Claim: As you watch, find at least one (1) claim he’s making to support his overall argument.
Evidence and Strategy: For that claim, figure out what type of evidence and strategy he’s using to support the claim.
Audience: Figure out who you think he’s speaking to in when he makes that claim and supports it with a particular kind of evidence and strategy. Is he speaking to a particular geographic location (people in San Diego), or people with a specific level of education or knowledge in a particular field, or people who believe one thing or another, or who are a specific gender, or race, etc.?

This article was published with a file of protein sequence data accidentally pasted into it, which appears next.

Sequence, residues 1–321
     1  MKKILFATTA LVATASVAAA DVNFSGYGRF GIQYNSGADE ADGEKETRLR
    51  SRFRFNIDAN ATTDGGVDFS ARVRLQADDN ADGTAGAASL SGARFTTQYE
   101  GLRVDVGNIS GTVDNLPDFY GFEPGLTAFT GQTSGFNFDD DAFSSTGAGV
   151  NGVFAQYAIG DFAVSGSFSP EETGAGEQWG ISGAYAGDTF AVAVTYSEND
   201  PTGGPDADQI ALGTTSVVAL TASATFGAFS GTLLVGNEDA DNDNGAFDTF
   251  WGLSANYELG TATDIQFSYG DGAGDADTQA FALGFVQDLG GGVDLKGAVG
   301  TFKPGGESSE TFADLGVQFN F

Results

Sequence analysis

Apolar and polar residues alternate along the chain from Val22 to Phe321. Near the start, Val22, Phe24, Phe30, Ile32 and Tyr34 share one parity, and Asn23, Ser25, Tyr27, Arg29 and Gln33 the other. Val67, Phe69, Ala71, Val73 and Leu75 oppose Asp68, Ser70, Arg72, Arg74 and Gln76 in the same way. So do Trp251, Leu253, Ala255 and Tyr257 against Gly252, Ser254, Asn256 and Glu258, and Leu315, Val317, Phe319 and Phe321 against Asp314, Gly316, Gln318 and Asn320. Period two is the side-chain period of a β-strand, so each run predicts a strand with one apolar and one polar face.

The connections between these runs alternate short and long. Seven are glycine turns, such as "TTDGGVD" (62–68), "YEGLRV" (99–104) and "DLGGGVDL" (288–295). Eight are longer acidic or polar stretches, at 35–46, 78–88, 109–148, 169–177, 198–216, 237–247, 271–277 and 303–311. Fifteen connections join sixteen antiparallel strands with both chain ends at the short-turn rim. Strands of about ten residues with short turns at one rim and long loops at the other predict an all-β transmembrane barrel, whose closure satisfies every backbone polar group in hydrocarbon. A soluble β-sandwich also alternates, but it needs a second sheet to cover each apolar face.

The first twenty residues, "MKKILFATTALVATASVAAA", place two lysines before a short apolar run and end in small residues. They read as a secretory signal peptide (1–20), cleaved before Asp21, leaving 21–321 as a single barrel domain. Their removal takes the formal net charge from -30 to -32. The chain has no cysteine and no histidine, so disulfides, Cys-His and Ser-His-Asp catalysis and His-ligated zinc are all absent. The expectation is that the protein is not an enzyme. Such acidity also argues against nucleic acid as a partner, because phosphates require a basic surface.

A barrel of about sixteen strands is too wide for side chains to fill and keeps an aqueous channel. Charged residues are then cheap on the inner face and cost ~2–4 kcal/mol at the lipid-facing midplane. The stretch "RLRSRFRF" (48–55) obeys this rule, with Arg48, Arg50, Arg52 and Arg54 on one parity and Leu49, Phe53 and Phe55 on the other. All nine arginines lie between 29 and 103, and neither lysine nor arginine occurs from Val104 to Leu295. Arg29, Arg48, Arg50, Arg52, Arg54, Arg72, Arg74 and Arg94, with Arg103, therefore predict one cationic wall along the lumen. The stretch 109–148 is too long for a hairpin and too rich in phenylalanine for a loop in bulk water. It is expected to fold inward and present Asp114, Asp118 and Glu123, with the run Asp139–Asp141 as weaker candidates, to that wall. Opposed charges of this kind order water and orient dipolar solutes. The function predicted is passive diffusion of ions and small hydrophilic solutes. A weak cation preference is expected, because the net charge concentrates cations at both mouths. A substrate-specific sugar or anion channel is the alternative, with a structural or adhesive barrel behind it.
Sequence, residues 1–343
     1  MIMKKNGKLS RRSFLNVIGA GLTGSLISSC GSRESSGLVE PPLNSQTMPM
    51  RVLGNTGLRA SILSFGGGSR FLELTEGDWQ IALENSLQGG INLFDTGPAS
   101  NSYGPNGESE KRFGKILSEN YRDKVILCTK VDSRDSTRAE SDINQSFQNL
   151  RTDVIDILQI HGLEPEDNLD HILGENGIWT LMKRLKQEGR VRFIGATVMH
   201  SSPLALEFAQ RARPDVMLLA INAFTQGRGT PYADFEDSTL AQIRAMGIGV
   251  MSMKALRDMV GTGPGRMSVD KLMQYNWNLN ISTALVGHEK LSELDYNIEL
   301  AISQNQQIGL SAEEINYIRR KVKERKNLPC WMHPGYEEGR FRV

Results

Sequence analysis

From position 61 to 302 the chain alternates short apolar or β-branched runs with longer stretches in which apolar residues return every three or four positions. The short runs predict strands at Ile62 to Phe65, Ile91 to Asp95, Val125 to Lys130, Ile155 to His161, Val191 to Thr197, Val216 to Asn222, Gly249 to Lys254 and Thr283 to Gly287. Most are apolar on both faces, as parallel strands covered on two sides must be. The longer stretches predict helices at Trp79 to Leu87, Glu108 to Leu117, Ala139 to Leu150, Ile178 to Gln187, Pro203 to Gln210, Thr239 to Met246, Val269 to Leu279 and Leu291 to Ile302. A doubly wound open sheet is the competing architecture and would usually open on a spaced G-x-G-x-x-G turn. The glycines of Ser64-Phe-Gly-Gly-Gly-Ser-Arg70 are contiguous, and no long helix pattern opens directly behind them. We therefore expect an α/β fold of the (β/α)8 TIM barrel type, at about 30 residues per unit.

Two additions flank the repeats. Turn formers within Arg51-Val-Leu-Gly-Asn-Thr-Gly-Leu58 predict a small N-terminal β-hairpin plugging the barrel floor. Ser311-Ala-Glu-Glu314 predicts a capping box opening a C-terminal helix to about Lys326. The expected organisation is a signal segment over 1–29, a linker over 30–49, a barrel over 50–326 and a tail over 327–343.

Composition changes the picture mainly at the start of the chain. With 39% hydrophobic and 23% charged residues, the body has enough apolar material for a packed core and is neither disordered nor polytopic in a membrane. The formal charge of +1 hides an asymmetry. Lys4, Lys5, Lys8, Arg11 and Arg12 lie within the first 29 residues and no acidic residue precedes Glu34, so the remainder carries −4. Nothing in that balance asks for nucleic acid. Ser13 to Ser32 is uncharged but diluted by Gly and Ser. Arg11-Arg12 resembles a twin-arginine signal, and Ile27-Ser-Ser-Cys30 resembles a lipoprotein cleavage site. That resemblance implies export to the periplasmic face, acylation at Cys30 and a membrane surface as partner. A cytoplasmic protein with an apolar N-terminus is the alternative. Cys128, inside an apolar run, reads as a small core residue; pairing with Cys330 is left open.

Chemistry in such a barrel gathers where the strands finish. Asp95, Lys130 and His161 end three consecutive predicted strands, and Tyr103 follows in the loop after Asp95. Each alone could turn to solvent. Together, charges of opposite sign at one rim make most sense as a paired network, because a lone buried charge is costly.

Effective? Finally, decide whether or not you think he was effective in making his argument. Do you think his audience (not yourself) would believe the point he’s making with the support he’s using. You might not be the target audience, so don’t just tell us if you think he’s effective; you have to put yourself in the shoes of the intended audience.
Note: There are no right answers for this. You might think he’s speaking to one audience, while someone else thinks he’s speaking to another audience. As long as you can back up what you think, you are both right. Also, you might think he’s effectively arguing his point, while someone else will disagree with you. There isn’t a right answer to your evaluation of an argument. You just have to explain why you think one way or the other.